The Packaged Retail and Insurance-based Investment Products (Amendment) (EU Exit) Regulations 2019 (SI 2019/403) and an accompanying explanatory memorandum has been published by HM Treasury. The SI, made on 27 February 2019, makes amendments to the Packaged Retail and Insurance-based Investment Products (PRIIPs) Regulations 2017 and retained EU law in relation to PRIIPs. It also fixes any deficiencies to the legislation, to ensure that it continues to operate effectively in the UK on exit day. See our updates of 5 December 2018 and 16 January 2019 for a further discussion on the SI.
HM Treasury has published an amended draft version of the Financial Services (Miscellaneous) (Amendment) (EU Exit) (No 2) Regulations 2019 and an accompanying explanatory memorandum. The purpose of the SI is to ensure a coherent and functioning financial services regulatory regime post-Brexit.
The SI makes amendments to other EU exit instruments and in particular:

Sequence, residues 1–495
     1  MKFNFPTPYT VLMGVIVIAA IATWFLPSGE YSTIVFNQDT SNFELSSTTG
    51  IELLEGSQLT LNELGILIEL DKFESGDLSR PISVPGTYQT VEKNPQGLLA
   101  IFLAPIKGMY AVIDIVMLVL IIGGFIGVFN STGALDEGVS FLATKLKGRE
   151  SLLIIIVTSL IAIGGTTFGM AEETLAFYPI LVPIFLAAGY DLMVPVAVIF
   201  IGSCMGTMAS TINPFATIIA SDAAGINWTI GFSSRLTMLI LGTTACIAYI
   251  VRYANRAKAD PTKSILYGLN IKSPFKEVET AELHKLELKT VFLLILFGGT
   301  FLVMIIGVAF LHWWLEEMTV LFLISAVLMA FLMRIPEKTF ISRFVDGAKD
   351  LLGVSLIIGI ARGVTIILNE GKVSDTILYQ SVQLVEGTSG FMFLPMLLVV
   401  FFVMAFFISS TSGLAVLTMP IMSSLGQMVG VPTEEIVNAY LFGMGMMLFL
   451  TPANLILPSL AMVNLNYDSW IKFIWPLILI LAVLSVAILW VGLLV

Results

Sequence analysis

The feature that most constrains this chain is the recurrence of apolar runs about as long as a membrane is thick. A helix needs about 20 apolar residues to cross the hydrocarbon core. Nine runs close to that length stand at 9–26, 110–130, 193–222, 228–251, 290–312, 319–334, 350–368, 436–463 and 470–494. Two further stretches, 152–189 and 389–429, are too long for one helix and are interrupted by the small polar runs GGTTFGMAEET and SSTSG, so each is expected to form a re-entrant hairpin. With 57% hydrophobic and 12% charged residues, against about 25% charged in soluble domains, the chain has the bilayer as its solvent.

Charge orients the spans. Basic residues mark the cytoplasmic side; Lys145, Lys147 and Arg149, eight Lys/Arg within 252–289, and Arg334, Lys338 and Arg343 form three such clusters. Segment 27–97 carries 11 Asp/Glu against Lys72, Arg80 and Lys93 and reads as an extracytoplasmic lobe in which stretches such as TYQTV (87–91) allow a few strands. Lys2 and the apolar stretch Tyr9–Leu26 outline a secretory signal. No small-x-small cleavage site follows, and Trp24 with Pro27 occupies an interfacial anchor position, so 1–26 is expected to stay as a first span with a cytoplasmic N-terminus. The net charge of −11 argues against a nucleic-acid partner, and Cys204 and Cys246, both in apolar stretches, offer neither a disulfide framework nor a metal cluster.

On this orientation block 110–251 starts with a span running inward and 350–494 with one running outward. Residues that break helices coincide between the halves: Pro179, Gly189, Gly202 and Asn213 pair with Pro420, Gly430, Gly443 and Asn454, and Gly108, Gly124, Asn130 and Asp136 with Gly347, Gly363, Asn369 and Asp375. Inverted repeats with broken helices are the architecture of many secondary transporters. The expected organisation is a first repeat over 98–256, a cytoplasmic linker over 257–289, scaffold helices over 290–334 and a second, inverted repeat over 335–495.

- corrects a minor drafting amendment in the Financial Conglomerates and Other Financial Groups (Amendment etc.) (EU Exit) Regulations 2019;
- clarifies the scope of Article 5 of the Long-term Investment Funds (Amendment) (EU Exit) Regulations 2019;
- removes references to redundant powers conferred on competent authorities in Commission Delegated Regulation (EU) 2015/61; and
- ensures consistency between different amendments. The changes are designed to improve customer protection and increase consumer awareness where firms are in transitional regimes.
HM Treasury has published an updated advisory note on money laundering and terrorist financing controls in higher risk jurisdictions. This is to reflect the Financial Action Task Force’s recent policy statements which identified jurisdictions with strategic deficiencies in their anti-money laundering and counter-terrorism financing regimes. HM Treasury advises firms to:
- consider as high risk the Democratic People's Republic of Korea (DPRK) and apply counter measures and enhanced due diligence measures (EDD) in accordance with the risks;